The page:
May 22, 2011 Comments Off on Heritage Press: The Sailor’s Reader, edited by George Macy (1943)
The Sailor’s Reader: A Volume Containing Four Hundred Thousand Words of Select Literary Entertainment for the American Sailor on the Water or in the Air, edited by George Macy (1943)
No Sandglass Issued – Sold in Stores with a Dustjacket
Heritage Press Exclusive, released side-by-side with The Soldier’s Reader
Click images to enlarge views.
During World War II the Heritage Press released two books designed for the many soldiers and sailors serving the United States, The Soldier’s Reader and Sailor’s Reader. Each had a lot of the same material in its 400,000 words, but both had their own specific bits that were tailored for that particular branch of the military. This is not your conventional post, as there’s no pictures and the binding itself isn’t spectacular.
Binding – As you can see, nothing too fancy.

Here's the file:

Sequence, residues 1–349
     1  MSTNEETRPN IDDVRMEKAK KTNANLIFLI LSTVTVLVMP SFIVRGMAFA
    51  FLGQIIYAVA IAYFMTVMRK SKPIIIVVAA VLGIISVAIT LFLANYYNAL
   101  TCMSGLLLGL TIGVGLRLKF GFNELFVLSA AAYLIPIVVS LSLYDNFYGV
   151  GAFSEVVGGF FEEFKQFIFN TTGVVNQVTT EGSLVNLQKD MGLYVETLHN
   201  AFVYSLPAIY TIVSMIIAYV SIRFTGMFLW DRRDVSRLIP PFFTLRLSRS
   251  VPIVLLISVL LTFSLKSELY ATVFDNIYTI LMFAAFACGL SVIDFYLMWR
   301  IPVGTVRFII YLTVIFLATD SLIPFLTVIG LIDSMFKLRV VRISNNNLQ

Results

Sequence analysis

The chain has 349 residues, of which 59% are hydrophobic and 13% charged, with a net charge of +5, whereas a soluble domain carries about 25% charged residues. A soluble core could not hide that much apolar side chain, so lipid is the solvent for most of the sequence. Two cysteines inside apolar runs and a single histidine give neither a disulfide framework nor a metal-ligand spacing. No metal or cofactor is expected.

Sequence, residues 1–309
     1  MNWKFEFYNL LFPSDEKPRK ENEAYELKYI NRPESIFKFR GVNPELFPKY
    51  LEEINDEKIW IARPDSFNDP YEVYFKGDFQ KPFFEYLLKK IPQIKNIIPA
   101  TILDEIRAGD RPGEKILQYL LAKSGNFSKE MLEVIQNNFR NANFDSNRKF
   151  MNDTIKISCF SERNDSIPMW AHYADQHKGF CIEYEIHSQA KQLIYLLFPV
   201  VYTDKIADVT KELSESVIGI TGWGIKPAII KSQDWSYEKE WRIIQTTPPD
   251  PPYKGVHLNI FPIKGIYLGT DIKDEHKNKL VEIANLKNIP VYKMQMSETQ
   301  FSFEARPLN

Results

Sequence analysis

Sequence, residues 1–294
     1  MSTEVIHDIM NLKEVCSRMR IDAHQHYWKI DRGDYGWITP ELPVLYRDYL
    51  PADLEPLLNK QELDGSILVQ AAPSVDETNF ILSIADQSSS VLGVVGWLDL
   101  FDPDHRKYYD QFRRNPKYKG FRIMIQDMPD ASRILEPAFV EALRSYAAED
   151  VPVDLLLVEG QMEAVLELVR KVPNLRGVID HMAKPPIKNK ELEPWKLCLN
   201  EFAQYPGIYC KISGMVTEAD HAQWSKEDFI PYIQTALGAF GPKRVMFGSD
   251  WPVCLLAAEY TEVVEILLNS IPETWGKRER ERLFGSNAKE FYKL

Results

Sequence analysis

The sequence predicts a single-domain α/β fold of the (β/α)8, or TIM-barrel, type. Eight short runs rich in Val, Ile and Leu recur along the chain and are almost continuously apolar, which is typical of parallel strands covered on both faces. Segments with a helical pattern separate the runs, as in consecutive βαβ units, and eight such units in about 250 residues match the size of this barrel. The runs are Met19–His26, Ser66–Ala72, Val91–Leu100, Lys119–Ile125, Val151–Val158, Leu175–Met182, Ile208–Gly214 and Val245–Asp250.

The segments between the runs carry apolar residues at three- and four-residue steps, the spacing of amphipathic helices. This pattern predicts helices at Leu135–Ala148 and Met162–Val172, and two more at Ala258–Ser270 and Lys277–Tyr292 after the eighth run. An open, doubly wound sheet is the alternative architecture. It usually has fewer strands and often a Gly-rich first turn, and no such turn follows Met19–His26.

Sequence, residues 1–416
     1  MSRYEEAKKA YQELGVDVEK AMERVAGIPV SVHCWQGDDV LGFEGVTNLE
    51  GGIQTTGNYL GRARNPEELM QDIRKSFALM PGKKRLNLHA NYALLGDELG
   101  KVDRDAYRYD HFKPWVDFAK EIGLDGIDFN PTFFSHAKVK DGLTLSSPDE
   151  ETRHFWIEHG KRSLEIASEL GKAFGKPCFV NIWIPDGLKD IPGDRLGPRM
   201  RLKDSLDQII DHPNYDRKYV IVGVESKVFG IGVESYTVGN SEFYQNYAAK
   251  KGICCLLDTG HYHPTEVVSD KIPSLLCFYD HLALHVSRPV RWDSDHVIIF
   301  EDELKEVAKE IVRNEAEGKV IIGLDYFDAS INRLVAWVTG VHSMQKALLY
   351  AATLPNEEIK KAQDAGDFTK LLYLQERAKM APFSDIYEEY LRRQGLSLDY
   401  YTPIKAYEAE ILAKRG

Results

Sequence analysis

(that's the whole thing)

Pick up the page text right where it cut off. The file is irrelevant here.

Spine – I did a little Photoshop magic to eradicate some library markings above the square border.
A dustjacket used to cover this book, but it has been lost to time.
Title Page – I wish that logo wasn’t stamped on – I’d use it as the icon for the blog. Ah well.
So, like I said, nothing too extraordinary. However, I thought that George Macy’s musings that litter the text would be well worth some time to photograph and document, and Macy did not slouch in these. Most of the sections feature a brief intro from Macy explaining it and its inclusion. Also, he would write a six page preface providing his reasoning for making the book. This will be the end of my text – we’ll let Mr. Macy take over from here. Enjoy!
Hit the jump for the intros… « Read the rest of this entry »